For chronic lymphocytic leukemia (CLL) patients, telemedicine has emerged as an option that requires new ways of working with their health team. Watch as CLL expert Dr. John Pagel shares his advice to patients and caregivers for getting the most out of telemedicine visits.
You had mentioned, patients need to be prepared when they come to their telemedicine visits, doctors have limited time, of course. So what are your top three tips or so for patients and their caregivers who are preparing for their telemedicine visit?
Dr. John Pagel:
So here’s a good important thing to say around that. Number one, you know, what happens is you’ll get told you have a telemedicine visit at 10:00 AM on Tuesday. And so you’re looking forward to 10:00 AM on Tuesday. And 10:00 AM comes around, and you’re waiting by the phone, and it doesn’t ring immediately, or the Zoom doesn’t come up immediately, please understand you have to be a little bit flexible with your physician. Just because it says that time…it’s the same thing kind of like in the clinic, it all kind of flows and works together. And so please be flexible and be patient. Not accepting excessive delays, that’s not really cool, we get that, but it’s often very hard to be right on the dot at 10:00 AM. So number one, be flexible. Number two, have your questions written out or focused about what you want to learn and understand that visit. It may not be a lot different than the last visit, that’s okay. But if you don’t have those, often, what will happen is that when the visit’s over the phone is hang up or the Zoom call is put away, you’ll remember, “Oh, I forgot to ask X, Y, or Z.” don’t let that happen.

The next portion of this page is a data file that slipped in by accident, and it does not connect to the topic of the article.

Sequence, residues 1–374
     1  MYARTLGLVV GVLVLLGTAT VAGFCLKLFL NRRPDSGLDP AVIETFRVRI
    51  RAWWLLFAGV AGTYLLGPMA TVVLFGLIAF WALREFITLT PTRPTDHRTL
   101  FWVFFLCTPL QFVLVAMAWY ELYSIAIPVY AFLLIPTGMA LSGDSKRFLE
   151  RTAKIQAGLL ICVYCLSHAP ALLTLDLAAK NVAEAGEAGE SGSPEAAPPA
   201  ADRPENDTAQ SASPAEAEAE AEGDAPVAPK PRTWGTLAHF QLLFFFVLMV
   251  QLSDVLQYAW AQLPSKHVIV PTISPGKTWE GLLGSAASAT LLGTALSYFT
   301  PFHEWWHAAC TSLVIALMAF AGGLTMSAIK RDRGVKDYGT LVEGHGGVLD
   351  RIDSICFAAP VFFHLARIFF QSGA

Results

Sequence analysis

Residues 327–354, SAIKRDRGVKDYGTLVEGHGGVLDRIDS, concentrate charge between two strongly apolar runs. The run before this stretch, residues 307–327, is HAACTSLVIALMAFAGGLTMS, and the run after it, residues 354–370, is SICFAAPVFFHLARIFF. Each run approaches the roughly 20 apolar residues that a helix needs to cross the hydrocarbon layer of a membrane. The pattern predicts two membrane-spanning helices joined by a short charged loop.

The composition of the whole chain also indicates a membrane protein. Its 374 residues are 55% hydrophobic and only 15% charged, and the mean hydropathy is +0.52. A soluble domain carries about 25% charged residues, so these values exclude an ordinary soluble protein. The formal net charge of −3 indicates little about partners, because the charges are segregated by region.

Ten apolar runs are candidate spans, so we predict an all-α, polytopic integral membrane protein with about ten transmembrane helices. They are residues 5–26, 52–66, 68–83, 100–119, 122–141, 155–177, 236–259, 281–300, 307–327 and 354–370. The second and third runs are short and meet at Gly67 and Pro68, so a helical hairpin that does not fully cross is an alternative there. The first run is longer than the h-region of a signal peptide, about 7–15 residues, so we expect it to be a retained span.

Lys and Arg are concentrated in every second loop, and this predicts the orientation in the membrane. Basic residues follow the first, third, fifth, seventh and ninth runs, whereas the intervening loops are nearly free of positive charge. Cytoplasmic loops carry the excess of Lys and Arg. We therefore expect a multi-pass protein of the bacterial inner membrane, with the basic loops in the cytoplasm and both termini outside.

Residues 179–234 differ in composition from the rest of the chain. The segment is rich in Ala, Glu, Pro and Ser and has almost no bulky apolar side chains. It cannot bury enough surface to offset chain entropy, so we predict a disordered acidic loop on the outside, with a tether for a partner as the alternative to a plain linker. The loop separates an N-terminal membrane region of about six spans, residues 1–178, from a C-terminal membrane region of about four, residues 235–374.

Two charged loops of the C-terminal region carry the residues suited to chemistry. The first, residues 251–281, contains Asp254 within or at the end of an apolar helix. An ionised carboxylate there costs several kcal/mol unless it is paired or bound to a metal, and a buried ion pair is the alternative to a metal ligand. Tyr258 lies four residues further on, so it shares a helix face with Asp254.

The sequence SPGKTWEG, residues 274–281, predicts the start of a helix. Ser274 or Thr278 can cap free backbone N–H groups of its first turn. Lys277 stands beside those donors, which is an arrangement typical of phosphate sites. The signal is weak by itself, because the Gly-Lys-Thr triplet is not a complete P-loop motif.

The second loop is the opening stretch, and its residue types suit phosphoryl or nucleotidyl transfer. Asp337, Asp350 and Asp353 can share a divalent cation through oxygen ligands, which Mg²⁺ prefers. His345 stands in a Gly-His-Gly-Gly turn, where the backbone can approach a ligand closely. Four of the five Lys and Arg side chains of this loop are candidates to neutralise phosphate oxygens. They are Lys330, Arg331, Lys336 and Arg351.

And the way you don’t let that happen is to be focused there with what you want to learn. And then lastly, if it’s possible, don’t be excessive. Meaning that, focus on the things that are important, meaningful, relevant to what’s happening to your health, your disease in your interaction with your physician. There are things that we all can list that could be very, very long in the list, but many of them aren’t going to be something that the physician can get to in a very meaningful, important way. Ask though, if you can’t get to those things that are important, that you try and follow up with them very quickly, perhaps in another visit relatively soon. But keep your expectations, if you could, to a very realistic approach, directed and focused on taking care of you and managing your CLL.